Document Type


Publication Date

July 1995


This article was peer reviewed. It was published in Advances in Renal Replacement Therapy, Vol. 2(3):234-245, July 1995. Copyright is retained by the National Kidney Foundation. Deposited by permission.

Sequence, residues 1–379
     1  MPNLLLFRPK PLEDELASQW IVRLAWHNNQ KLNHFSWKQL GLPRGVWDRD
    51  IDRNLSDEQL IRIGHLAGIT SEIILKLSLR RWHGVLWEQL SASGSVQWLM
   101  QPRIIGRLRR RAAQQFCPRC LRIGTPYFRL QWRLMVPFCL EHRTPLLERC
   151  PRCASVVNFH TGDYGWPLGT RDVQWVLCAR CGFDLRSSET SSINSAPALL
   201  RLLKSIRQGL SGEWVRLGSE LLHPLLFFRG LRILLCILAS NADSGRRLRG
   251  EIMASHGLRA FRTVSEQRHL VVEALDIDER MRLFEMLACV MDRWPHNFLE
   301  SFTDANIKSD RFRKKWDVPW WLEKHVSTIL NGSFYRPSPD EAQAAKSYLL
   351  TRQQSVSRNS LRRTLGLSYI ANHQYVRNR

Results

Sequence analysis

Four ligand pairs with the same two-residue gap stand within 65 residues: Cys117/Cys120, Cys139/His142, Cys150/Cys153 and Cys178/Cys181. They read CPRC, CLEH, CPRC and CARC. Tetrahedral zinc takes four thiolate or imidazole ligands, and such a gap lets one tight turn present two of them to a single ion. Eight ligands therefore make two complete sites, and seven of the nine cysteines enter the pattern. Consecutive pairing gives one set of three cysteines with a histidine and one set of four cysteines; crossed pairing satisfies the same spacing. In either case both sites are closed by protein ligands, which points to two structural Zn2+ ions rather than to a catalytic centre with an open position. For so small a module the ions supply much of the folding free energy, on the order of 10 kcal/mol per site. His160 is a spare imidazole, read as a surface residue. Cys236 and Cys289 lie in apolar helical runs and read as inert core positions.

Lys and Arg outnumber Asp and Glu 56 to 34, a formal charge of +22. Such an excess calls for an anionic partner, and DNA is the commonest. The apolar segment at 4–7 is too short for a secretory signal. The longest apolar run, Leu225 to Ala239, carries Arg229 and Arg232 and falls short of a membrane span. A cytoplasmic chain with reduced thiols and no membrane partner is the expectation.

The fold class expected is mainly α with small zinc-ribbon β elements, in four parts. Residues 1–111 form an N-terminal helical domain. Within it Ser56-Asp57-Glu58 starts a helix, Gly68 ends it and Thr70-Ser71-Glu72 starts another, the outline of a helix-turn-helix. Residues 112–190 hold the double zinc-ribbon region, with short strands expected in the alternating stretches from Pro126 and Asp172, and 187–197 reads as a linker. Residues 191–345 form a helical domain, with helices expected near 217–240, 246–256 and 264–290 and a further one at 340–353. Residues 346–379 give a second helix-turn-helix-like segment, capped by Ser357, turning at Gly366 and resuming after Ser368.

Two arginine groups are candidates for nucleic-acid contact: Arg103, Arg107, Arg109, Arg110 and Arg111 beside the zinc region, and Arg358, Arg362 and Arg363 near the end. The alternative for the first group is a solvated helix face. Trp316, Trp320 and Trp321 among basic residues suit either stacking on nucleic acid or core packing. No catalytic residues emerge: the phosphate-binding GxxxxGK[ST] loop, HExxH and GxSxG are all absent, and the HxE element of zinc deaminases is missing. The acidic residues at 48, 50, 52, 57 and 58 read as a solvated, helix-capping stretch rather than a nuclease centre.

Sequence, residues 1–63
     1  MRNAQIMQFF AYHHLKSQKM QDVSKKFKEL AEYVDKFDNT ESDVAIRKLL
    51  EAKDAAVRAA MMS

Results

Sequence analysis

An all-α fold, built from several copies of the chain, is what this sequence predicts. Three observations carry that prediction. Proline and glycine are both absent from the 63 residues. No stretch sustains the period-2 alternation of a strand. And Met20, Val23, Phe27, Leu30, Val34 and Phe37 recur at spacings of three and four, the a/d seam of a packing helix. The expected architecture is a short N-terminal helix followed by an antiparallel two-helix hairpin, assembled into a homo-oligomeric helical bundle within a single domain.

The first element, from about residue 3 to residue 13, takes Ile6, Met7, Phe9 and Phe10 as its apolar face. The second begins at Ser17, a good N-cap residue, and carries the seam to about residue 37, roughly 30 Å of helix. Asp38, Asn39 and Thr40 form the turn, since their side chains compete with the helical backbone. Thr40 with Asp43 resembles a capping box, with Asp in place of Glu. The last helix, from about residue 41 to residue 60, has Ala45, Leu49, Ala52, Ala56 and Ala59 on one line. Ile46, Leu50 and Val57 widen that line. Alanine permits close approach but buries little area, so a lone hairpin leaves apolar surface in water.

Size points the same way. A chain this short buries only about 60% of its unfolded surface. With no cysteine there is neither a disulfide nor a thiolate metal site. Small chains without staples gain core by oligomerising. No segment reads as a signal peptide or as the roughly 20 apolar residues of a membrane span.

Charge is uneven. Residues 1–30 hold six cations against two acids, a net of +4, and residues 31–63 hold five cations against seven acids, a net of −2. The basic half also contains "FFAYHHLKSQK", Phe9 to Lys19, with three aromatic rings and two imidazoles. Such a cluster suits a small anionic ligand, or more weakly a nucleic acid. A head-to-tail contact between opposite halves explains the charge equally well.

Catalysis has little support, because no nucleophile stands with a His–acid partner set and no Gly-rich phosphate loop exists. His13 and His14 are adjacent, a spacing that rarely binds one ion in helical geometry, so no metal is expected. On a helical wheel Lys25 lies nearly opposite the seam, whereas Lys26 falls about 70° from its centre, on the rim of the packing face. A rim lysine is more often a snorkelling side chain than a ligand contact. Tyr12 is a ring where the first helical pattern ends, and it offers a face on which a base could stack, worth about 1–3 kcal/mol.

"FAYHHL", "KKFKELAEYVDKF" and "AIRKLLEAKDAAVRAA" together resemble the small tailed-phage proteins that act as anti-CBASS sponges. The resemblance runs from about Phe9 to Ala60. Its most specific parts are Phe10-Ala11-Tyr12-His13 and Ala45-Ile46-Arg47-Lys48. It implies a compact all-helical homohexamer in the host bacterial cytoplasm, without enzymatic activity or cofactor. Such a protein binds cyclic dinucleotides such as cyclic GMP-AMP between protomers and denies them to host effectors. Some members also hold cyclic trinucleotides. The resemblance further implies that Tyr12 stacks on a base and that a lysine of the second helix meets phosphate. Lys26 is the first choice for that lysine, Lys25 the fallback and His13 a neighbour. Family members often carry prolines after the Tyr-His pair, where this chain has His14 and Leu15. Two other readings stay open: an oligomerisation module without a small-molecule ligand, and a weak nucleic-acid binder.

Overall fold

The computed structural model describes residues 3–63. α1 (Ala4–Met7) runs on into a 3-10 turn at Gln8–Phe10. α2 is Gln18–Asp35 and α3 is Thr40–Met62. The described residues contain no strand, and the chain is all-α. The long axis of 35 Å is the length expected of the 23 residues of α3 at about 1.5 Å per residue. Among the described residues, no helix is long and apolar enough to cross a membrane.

Computer use in everyday life has expanded human potential in virtually every possible arena. In health care, computer technology affects direct clinical care through diagnostics, treatment, monitoring, and documentation processes. Patient care systems use computer technology to manage billing, scheduling, and multiple other administrative functions. Computer technology for education of health care professionals has been primarily in elected undergraduate, graduate, and professional degree programs. Computer-based continuing education for health care professionals has been available for at least a decade, but computer-based patient education is just now beginning to emerge as a learning options. This article describes examples of patient education programs using different types of hardware and software and explores potential areas for further development of this area for end-stage renal disease patients and families. Computer technology is not a replacement for professional involvement in patient education, but rather offers a new arena of media to enhance and expand current teaching and learning resources. Computer-based learning is characterized by features representative of many highly regarded principles of adult education. Further, instructional design concepts used for program development are fundamentally sound for patient education.